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Checking for PostgreSQL Bloat (old)

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UPDATE: A newer version of this post has been made along with a rewrite of the script to use pgstattuple –

One of the on-going issues with PostgreSQL that every administrator must deal with at some point is table and/or index bloat. The MVCC architecture of PostgreSQL lends itself to requiring some extra monitoring & maintenance, especially in large enterprise systems. I’ll save the description of why bloat happens until further down in this post (for those that are curious) and get to the point of this article first.

So far the best check for bloat I’ve come across is the one contained in the check_postgres suite from Bucardo. And in places where we can get check_postgres set up and used, it works great. But sometimes we just want to check the bloat on a system and also have a little more fine grained control of the output. So recently I pulled out the rather complex bloat check query from check_postgres and adapted it to a command-line python script:

General options:
  -m {tables,indexes}, --mode {tables,indexes}
                        Provide bloat report for the following objects:
                        tables, indexes. Note that the "tables" mode does not
                        include any index bloat that may also exist in the
                        table. Default is "tables".
  -c CONNECTION, --connection CONNECTION
                        Connection string for use by psycopg. Defaults to
                        "host=" (local socket).
  -f {simple,dict}, --format {simple,dict}
                        Output formats. Simple is a plaintext version suitable
                        for any output (ex: console, pipe to email). Dict is a
                        python dictionary object, which may be useful if
                        taking input into another python script or something
                        that needs a more structured format. Dict also
                        provides more details about object pages. Default is
  -a MIN_PAGES, --min_pages MIN_PAGES
                        Minimum number of pages an object must have to be
                        included in the report. Default and minimum value is
  -A MIN_WASTED_PAGES, --min_wasted_pages MIN_WASTED_PAGES
                        Minimum number of wasted pages an object must have to
                        be included in the report. Default and minimum value
                        is 1.
  -z MIN_WASTED_SIZE, --min_wasted_size MIN_WASTED_SIZE
                        Minimum size of wasted space in bytes. Default and
                        minimum is 1.
                        Minimum percentage of wasted space an object must have
                        to be included in the report. Default and minimum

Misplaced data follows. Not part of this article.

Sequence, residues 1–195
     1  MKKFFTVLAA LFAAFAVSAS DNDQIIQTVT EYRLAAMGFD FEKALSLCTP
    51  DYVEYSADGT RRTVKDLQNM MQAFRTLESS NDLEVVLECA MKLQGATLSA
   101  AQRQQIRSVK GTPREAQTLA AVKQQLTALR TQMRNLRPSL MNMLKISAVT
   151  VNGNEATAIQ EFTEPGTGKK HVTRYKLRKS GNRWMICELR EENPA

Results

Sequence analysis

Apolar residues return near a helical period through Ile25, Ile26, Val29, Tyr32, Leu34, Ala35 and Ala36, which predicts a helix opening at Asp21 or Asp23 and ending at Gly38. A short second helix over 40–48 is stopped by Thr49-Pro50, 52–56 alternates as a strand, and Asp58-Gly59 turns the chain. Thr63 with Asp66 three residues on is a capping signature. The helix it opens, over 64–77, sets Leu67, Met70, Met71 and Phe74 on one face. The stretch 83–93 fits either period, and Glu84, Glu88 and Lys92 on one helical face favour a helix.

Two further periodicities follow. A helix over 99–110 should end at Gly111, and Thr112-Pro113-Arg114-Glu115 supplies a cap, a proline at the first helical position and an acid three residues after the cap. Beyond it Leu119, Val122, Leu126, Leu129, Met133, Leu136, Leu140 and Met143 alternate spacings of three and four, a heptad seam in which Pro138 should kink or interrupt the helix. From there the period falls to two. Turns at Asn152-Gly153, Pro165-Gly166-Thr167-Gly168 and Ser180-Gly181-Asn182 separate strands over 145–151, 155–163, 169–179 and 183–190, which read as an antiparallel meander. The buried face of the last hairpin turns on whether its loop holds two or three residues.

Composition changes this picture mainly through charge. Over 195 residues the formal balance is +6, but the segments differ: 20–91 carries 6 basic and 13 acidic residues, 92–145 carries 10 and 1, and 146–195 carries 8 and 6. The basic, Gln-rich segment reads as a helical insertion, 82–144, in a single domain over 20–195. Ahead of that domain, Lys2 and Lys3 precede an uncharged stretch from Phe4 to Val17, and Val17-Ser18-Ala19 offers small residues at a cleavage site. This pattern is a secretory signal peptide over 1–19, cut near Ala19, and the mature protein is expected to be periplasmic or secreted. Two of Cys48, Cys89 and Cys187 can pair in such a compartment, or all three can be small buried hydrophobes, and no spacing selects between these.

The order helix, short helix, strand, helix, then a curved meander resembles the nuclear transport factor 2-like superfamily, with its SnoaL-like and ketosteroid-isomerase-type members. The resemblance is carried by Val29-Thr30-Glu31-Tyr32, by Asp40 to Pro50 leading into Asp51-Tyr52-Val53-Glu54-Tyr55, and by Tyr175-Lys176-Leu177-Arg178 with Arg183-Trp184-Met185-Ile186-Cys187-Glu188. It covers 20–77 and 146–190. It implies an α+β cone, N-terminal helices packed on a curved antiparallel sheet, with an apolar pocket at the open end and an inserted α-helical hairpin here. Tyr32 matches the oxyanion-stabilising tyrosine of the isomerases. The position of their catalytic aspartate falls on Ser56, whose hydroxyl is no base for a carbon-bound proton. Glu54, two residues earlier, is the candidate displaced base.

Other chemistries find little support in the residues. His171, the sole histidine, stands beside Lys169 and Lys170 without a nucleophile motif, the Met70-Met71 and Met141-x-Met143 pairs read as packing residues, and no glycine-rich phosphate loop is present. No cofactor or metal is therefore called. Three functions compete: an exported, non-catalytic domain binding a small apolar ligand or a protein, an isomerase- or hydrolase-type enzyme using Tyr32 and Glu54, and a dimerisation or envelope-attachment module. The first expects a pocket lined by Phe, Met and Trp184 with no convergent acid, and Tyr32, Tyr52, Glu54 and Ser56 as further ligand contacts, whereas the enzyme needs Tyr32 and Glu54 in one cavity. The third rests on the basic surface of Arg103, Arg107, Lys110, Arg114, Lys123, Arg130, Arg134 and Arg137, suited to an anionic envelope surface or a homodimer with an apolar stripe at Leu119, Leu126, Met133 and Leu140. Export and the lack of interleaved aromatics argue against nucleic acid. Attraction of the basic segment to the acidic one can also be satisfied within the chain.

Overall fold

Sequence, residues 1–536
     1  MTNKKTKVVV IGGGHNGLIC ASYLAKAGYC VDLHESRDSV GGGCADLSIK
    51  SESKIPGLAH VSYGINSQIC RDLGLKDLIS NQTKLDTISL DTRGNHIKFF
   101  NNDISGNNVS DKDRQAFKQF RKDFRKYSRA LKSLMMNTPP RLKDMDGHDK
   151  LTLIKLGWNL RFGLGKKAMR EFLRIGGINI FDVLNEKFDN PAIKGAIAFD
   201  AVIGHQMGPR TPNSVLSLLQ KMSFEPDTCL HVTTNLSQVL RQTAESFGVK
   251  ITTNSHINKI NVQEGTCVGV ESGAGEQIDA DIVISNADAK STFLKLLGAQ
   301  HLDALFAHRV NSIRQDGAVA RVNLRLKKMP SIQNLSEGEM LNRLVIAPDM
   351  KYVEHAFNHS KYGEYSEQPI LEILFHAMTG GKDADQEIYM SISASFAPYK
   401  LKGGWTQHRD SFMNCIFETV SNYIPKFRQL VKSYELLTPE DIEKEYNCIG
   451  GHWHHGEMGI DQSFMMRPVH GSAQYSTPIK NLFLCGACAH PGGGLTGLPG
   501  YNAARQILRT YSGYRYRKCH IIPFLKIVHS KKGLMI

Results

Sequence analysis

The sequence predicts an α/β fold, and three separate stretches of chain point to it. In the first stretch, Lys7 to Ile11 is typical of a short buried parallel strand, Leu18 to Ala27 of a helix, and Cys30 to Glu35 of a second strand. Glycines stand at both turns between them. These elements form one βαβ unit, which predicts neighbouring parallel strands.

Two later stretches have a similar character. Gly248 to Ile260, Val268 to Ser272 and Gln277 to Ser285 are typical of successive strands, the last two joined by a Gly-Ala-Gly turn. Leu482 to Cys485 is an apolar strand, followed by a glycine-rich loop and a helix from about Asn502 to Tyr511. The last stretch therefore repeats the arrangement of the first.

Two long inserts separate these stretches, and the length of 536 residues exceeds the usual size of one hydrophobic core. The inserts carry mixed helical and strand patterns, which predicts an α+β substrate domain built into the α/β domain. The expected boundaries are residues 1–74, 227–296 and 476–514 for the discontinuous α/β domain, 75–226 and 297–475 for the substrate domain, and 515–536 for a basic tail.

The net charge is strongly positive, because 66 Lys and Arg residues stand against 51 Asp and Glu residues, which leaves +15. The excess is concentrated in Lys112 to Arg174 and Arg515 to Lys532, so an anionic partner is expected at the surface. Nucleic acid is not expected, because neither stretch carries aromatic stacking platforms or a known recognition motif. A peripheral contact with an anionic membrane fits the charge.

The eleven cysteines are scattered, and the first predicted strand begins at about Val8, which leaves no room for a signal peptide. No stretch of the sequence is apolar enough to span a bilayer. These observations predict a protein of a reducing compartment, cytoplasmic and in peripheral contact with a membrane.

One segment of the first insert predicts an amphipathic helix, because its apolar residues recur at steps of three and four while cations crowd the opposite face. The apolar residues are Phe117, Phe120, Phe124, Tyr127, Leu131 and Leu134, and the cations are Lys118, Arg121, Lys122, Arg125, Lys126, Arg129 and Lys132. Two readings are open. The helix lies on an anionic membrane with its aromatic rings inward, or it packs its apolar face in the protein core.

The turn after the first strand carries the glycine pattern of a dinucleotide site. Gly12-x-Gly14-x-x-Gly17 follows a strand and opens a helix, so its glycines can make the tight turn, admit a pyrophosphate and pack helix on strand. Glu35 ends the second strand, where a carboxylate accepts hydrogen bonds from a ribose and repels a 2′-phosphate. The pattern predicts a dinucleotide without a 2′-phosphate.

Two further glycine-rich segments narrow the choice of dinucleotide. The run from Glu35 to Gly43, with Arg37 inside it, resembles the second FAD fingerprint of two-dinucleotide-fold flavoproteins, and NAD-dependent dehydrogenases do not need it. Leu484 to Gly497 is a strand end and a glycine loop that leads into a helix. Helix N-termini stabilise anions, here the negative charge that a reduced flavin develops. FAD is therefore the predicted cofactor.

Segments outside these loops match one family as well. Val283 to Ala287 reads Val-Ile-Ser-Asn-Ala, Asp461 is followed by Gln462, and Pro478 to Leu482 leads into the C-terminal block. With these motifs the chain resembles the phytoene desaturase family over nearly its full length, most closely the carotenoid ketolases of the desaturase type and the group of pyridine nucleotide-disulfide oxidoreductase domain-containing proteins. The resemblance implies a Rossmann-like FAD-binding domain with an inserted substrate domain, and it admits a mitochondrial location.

value is 0.1%.
  -n SCHEMA, --schema SCHEMA
                        Comma separated list of schema to include in report.
                        All other schemas will be ignored.
                        Comma separated list of schemas to exclude. If set
                        along with -n, schemas will be excluded then included.
                        Full path to file containing a return deliminated list
                        of objects to exclude from the report (tables and/or
                        indexes). All objects must be schema qualified.
                        Comments are allowed if the line is prepended with
  --view_schema VIEW_SCHEMA
                        Set the schema that the bloat report view is in if
                        it's not in the default search_path. Note this option
                        can also be set when running --create_view to set in
                        which schema you want the view created.

  --create_view         Create the required view that the bloat report uses.
                        Places view in default search_path schema unless
                        --view_schema is set.
  --create_mat_view     Same as --create_view, but creates it as materialized
                        view if your version of PostgreSQL supports it (9.3+).
                        Be aware that this script does not refresh the
                        materialized view automatically.

While I first started working on this script, just running the query by itself on some of our client systems, I also realized that it can be quite an expensive query to run on larger systems. It also brings back both table and index bloat together and other parts of the script split that to make the distinction. To allow this check to provide data more efficiently and separate table & index bloat, my script first creates a view to use. For postgresql 9.3+, this can be created as a materialized view so running the script to get bloat data back is fast and causes no contention in the system.

The other thing I realized is that bloat percentage alone is a poor indicator of actual system health. Very small tables may always have a higher than average bloat, or there may always be 1 or 2 pages considered waste, and in reality that  has next to zero impact on database performance. Constantly “debloating” them is more a waste of time than the space used. So I added in additional filters that also look at the number of pages in objects and the actual wasted space of those objects. This allows the final output of the bloat report to provide a more accurate representation of where there may actually be problems that need to be looked into.